Anyone who has tried training ML models on real-world datasets (not the perfectly curated data we work with in school) has probably dealt with outliers in data. The problem with some Out-of-Distribution (OOD) detection algorithms is they make a big assumption — that a model is equally confident in all classes — most of the time, that assumption is false. For example, a model trained on ImageNet is typically overconfident (predicted probabilities close to 1) for `bananas`

but underconfident (low predicted probabilities close to 0) for the ten different but very similar-looking `lizard`

classes in the dataset.

In this article, we’ll show you a **novel and simple adjustment to model predicted probabilities that can improve OOD detection with classifier models trained on real-world data**. Our unique approach is rooted in theory and runs in just a couple of lines of code.

## Background

Identifying outliers in test data that do not stem from the distribution of the training data is critical for deploying reliable machine learning models. While many special (e.g., generative) models have been proposed for this task of Out-of-Distribution (a.k.a. anomaly/novelty) detection¹ ² ³, these are often specific to particular data types and nontrivial to implement. Instead, simpler methods for OOD detection that use an already-trained classifier on data with class labels have become quite popular⁴ ⁶. Methods like KNN distance⁵ ⁷ and Mahalanobis Distance³ ⁴ leverage a trained neural network’s intermediate feature representations to identify OOD examples.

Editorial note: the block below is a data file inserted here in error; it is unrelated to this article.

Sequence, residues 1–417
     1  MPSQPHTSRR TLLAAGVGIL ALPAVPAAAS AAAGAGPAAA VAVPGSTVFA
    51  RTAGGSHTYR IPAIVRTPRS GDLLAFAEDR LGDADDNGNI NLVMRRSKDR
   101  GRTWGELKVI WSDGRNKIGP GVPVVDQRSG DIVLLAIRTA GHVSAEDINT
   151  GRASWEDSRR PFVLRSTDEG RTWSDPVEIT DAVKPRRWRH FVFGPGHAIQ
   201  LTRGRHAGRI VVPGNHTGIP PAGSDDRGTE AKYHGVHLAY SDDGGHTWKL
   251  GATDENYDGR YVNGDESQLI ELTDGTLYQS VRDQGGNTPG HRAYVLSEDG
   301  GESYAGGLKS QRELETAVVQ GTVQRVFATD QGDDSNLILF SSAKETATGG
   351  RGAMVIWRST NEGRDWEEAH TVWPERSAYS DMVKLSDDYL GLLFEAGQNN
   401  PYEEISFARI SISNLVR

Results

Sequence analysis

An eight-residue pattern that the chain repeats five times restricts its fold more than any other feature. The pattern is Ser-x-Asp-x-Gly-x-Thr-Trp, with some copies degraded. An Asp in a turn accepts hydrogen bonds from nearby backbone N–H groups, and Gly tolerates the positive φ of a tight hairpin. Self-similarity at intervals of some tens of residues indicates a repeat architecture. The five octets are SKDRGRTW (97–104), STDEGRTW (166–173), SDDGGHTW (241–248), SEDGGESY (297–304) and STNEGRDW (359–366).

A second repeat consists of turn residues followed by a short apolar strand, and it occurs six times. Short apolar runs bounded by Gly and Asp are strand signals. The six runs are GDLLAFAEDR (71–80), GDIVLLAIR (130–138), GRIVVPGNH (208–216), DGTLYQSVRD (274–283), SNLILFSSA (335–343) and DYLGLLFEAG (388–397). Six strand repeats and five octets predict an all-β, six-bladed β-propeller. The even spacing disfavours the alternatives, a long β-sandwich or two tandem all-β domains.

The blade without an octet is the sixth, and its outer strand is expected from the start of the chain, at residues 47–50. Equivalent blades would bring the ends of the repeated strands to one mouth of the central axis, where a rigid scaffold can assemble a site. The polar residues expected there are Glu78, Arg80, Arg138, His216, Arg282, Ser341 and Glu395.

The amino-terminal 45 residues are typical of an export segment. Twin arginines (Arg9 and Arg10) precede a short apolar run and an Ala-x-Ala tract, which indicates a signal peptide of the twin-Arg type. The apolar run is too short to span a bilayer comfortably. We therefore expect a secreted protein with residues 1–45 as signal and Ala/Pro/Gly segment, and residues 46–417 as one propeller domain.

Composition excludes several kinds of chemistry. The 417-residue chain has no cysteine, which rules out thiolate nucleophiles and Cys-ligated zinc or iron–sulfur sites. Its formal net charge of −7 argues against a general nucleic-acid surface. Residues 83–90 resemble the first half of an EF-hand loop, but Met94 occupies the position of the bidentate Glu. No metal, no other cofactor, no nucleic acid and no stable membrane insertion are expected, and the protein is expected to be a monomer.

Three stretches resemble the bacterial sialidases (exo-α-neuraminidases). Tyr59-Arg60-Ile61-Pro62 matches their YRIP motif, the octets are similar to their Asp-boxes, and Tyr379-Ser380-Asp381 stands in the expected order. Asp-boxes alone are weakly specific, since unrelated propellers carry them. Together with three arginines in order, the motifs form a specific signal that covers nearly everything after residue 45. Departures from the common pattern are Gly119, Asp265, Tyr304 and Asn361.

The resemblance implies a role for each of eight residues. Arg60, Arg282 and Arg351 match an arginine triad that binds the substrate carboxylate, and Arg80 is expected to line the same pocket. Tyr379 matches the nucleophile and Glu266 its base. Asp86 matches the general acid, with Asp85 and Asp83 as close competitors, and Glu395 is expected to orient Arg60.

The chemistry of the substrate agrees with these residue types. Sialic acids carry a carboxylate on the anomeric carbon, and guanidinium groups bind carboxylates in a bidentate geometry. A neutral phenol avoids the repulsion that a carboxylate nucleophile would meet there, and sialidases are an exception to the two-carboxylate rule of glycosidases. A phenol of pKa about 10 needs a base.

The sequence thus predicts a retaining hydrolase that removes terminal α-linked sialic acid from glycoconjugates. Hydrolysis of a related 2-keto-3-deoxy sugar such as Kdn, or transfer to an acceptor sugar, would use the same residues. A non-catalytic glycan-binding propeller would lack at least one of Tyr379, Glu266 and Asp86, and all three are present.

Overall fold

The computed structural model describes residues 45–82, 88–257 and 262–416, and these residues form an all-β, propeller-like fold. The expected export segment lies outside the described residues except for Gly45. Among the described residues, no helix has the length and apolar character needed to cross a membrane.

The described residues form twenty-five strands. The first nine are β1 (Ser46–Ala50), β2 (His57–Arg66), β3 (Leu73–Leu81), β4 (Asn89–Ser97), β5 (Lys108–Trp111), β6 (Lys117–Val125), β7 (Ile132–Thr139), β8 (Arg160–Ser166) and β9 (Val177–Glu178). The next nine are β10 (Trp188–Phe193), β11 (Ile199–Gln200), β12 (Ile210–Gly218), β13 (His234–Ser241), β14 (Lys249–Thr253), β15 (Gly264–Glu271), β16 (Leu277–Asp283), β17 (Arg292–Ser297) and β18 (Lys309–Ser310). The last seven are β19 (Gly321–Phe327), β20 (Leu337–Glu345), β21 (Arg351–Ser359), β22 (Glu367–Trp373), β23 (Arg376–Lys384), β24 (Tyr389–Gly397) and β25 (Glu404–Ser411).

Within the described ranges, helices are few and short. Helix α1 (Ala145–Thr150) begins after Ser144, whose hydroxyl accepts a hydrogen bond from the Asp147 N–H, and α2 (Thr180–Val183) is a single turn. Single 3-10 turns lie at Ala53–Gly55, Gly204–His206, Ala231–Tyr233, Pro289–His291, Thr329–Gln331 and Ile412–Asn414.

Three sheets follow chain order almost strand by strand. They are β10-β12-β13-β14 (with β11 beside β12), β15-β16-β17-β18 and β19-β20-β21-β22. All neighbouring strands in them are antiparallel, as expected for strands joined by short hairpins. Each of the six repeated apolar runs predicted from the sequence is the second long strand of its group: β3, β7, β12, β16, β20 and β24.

An even simpler approach is to only use the predicted class probabilities output by the trained classifier and quantify their uncertainty as a measure of outlyingness. Two particularly popular OOD methods are Maximum Softmax Probability (MSP)⁶ or Entropy⁴ ⁵. Compared to most other methods, MSP and Entropy need less information from the model and require less computing to identify outliers. Here we introduce a simple improvement to these baseline methods to improve their effectiveness.

## Baseline prediction-based OOD detection methods

Consider an image $x$ and classifier model $p = h(x)$ where $p$ is the model’s predicted probability vector that this image belongs to each class $k \in {1,…,K}$. Based on $p$, one can compute two simple OOD scores for $x$.

**Maximum Softmax Probability (MSP)** — quantifies how confident the model is in the most likely class it predicts:

**Entropy** — quantifies how evenly spread the model’s probabilistic predictions are amongst all $K$ classes:

These scores have been shown to work surprisingly well for detecting OOD images⁶, despite the fact that they do not explicitly estimate epistemic uncertainty⁴.